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U.S. Wants Rights To Patent S America Genetic Biodiversity

by Constanza Vieira

Latin Natives Take Action to Stop U.S. and Europe Genetic Piracy (1998)

(IPS) BOGOTA -- Access to genetic resources in South America's Andean region, which holds a quarter of the planet's biodiversity, is a point of discord in the trade agreement that the United States has been negotiating with Colombia, Ecuador and Peru since May.

The U.S. proposal would establish free access to patenting plant and animal species, designated as "inventions" in the chapter on intellectual property in the draft treaty. This approach violates the existing legislation of the Andean Community of Nations (CAN).

CAN, comprising the three South American countries negotiating the treaty, plus Bolivia (an observer of the process) and Venezuela, has expressly prohibited patenting living species, except microorganisms, since 1998.

After five rounds of talks, intellectual property and agriculture are the two areas where the parties to the treaty remain divided.

The laws of the CAN countries -- with a combined area of 4.7 million square km -- establish that biodiversity is national and regional heritage, and recognize the traditional knowledge of Native peoples when it comes to the uses of local genetic resources.

The Andean countries also support the 1991 Convention of the International Union for the Protection of New Varieties of Plants, which establishes an intellectual property framework for plant varieties very similar to patents, and recognize the rights of plant scientists and farmers.

A source close to the Colombian negotiating team told Tierramerica that there are instructions "not to contradict the Andean law," and that the Colombian, Ecuadorian and Peruvian negotiators are working in harmony.

Negotiator Gomez stressed that the three South American delegations have the backing of the other two CAN members. "Ninety-nine percent of the Andean texts are already on the table," he added.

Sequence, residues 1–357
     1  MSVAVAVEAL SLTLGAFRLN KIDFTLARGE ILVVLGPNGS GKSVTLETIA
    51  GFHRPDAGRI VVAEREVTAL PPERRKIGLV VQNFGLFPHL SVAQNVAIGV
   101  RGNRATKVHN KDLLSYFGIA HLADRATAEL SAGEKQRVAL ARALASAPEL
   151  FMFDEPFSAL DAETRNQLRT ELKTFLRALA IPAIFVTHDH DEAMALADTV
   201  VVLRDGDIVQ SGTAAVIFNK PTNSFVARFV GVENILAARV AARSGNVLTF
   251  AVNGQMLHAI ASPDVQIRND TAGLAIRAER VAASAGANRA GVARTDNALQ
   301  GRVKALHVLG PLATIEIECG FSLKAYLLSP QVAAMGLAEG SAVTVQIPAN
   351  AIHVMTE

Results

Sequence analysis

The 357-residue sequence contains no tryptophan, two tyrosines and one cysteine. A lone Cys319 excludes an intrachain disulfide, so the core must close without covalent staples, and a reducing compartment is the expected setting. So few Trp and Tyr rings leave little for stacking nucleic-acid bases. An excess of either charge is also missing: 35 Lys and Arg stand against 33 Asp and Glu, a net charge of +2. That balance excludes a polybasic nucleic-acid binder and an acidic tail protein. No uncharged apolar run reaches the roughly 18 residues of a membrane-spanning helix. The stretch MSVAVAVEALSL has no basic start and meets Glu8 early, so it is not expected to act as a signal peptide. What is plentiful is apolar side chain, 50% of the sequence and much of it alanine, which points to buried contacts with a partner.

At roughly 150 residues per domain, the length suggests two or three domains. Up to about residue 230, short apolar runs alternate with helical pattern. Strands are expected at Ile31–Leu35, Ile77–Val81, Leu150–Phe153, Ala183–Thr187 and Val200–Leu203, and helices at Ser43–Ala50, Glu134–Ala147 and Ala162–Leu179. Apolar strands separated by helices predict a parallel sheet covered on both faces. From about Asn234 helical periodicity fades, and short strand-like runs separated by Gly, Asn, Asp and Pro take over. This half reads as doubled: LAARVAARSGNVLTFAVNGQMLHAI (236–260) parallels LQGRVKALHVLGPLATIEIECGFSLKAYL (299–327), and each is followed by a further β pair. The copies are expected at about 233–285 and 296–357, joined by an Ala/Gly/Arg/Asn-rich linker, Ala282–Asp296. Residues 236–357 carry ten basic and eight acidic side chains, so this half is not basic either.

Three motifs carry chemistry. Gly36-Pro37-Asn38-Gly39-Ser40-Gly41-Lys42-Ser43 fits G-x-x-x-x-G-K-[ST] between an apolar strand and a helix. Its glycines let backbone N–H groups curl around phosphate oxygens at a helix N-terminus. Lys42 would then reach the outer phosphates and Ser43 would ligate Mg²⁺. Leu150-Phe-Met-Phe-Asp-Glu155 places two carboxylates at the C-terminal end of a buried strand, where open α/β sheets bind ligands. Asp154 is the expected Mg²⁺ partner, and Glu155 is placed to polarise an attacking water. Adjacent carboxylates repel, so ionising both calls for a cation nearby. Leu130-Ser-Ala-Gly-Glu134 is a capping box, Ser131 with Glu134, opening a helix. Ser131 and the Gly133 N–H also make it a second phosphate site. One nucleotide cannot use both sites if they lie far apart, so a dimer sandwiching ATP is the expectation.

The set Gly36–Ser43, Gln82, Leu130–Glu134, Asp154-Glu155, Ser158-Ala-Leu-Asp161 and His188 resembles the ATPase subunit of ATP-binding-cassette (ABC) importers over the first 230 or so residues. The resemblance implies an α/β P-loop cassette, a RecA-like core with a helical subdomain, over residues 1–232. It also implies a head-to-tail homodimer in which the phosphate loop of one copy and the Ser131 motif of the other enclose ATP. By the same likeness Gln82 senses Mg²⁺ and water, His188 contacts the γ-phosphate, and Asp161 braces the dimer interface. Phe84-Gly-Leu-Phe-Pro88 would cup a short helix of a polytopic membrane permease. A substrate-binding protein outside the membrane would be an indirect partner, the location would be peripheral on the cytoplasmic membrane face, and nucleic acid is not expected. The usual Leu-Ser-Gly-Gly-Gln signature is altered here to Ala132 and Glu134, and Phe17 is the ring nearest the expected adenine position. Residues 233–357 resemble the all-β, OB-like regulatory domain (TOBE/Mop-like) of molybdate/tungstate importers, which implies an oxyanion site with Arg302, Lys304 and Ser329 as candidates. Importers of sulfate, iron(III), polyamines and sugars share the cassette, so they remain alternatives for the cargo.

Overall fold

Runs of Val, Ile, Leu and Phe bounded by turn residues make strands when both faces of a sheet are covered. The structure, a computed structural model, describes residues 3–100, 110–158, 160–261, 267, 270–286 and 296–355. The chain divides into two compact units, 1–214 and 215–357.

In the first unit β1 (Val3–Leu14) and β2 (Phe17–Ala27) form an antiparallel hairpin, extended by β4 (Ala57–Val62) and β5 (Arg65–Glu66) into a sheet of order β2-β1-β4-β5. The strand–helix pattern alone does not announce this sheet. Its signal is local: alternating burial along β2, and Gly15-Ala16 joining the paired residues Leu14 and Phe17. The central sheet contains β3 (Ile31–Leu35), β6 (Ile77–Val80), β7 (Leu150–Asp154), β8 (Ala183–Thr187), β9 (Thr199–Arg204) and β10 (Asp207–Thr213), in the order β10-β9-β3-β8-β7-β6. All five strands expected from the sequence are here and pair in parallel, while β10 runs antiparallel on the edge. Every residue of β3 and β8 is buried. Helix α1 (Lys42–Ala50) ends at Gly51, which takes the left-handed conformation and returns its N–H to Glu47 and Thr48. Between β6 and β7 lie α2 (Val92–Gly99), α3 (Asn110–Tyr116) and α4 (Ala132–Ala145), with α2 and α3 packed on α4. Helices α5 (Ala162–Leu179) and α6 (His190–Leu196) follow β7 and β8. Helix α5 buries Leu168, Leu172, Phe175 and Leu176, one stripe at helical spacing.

But the U.S. proposal for patenting plants and animals has generated concern throughout many different sectors of the Andean community.

The treaty "is really a patent deal. The United States wants to impose -- if one can put it that way -- that all countries must adopt treaties on patents. And this is one of the major problems of the biodiversity issue," Manuel Rodriguez, Colombia's former minister of environment, said in a Tierramerica interview.

"Many of the things associated with access to genetic resources are related to patents. For example, the United States has not recognized, and is not going to recognize traditional knowledge. This is not going to resolve the treaty, and one can guess that they are going to find a way to postpone the issue and to move the treaty forward," said Rodriguez.

Washington was able to convince the other parties to hold secret negotiations, so the U.S. proposal is not public, nor is the Andean proposal. However, at the Colombian Ministry of Trade, Industry and Tourism, parliamentarians and university researchers can read both texts on a computer, although they may not copy them and must sign a "confidentiality" agreement.

Ministry officials said journalists would not have access to the computer, but Tierramerica -- with the condition that notes could not be taken -- was allowed to read the Andean proposal on intellectual property. In general terms, the proposal restates the CAN law prohibiting patenting of plants and animals.

"It can't be any other way. The Andean law is broadly applied," Luis Angel Madrid, ministry official and negotiator spokesman for the panel on intellectual property, told Tierramerica.

But Margarita Florez, environmental lawyer for the Bogota-based Latin American Institute of Alternative Legal Services, disagrees with Madrid.

"The U.S. negotiators want to allow the patenting of plants and animals," and the bilateral treaty will prevail, and will be more specific and come after the Andean law, Florez said. "Treaties are signed in order to be honored, and the United States has many, many ways to ensure that obligations are met," he added.

"What is defended in these treaties is not free trade. Products have been without tariffs for a thousand years. The problem is the rights of the investor, defended tooth and nail" in the U.S. proposal, said Florez.

Edgar Isch, former environment minister of Ecuador, agreed, noting that international trade laws tend to undermine national and multilateral environmental standards.

The World Trade Organization considers itself "above" international agreements on the environment, Isch added.

In the United States, according to the minister, "the Bush administration has reduced or eliminated around 200 environmental laws, in many cases as a means to favor free trade." However, he said the Andean treaty "is not inevitable, and with things as they are, it is not the best path for development."

The free trade agreement could be ready in February, and would enter into force in 2006 if congressional approval is achieved in the four countries involved. But the groups in the Andean countries that opposed the treaty have asked -- as a minimum -- that the negotiations be put on hold and the proposals be made public.

In Colombia, for example, the Native movement has proposed a referendum against the treaty.

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Albion Monitor November 19, 2004 (

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